Jim Letourneau's Blog

Investing, Technology, Travel, Geology, Music, Golf. I think that covers it.

Print to Digital Paper Pricing

I'm a fan of digital publications. My timely download of The New Yorker  got me one of  LA's most coveted dinner reservations.  The print version hadn't even hit the stands by the time my wife and I flew to California (we were going anyways, I'm not that spontaneous...yet). Don't get me wrong, I like paper magazines and newspapers as well but I'm a packrat and digital information is a Godsend for me. 

I'm not a fan of overpriced digital publications. A person well versed in digital trends might surmise that great journalism should become almost free as distribution costs approximate nil. However, look what happened with mobile phone roaming charges. Undecipherable bills and lots of gouging, especially if you cross an international border. Your gas mileage doesn't increase by 10 times when you drive your car across a border, but I digress. 

The transition from print to digital is finally starting in earnest. Paywalls are everywhere.   Case in point, The Globe and Mail has put up a paywall. They make you navigate through two screens before  you can even figure out what they are charging but the important question is are you willing to pay $19.99/month for digital daily news? The full on paper version is $430.56/year or $35.88 which includes Globe Unlimited (digital access).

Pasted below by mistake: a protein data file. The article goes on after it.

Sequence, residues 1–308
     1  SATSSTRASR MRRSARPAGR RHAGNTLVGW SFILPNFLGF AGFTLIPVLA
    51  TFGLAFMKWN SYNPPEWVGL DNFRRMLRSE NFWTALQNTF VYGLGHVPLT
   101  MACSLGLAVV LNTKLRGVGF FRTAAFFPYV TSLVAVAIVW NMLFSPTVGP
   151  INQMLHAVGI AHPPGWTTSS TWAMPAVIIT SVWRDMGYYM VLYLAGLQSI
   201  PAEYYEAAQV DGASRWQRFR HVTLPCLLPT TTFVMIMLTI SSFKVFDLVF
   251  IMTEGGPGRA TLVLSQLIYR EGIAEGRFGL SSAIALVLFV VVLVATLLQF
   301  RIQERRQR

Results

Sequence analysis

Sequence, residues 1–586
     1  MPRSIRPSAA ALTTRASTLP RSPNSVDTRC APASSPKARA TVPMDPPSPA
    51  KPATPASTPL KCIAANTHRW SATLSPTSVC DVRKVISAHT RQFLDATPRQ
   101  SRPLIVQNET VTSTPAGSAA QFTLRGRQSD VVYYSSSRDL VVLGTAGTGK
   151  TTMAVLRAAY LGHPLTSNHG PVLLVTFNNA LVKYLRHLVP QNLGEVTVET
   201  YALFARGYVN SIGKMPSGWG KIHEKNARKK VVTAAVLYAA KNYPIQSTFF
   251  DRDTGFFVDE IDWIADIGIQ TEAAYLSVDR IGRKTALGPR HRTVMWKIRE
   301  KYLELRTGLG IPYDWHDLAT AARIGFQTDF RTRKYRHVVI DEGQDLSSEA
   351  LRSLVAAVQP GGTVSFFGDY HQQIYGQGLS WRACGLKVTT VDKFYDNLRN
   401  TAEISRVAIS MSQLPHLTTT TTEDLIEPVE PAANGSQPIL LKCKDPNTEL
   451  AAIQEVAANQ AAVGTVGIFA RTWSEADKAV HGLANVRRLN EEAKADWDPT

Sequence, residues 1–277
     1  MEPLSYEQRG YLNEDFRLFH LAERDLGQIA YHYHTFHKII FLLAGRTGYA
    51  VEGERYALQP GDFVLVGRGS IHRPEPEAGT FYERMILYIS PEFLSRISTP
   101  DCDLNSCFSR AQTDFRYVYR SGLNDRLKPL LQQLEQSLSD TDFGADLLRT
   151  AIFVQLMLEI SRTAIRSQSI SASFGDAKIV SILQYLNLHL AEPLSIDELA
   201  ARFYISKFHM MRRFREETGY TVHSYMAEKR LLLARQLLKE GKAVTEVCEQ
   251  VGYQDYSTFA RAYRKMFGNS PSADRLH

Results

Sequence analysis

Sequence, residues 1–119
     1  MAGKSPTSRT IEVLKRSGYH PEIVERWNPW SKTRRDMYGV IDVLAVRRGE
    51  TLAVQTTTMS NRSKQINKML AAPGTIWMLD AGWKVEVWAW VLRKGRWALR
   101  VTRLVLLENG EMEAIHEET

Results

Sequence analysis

According to this article If you build it, will they pay? Paywalls ignite debate across Canada, the Globe and Mail is probably priced in the right ballpark. More than a local daily but less than the New York Times for a digital subscription. I know I'd be all over it at a price closer to $10 though I'm happily subscribing to monthly digital magazines for $20.

If I get blocked enough times at The Globe and Mail I'll pay up. They have hefty business coverage but I doubt they're too hard hitting on their advertisers. Please leave a comment if you're aware of any truly investigative Globe and Mail business reporting. If its really good stuff, a hedge fund probably figured it out first, took a position and then, and only then, spooned it out to reporters. Who is winning awards in business reporting? That's who I'm looking for (and I will answer my own question unless someone volunteers some answers) .

In an nice bit of irony, last week I sent some money towards Wikipedia. I know I use it every day - so I pay to Keep it Free.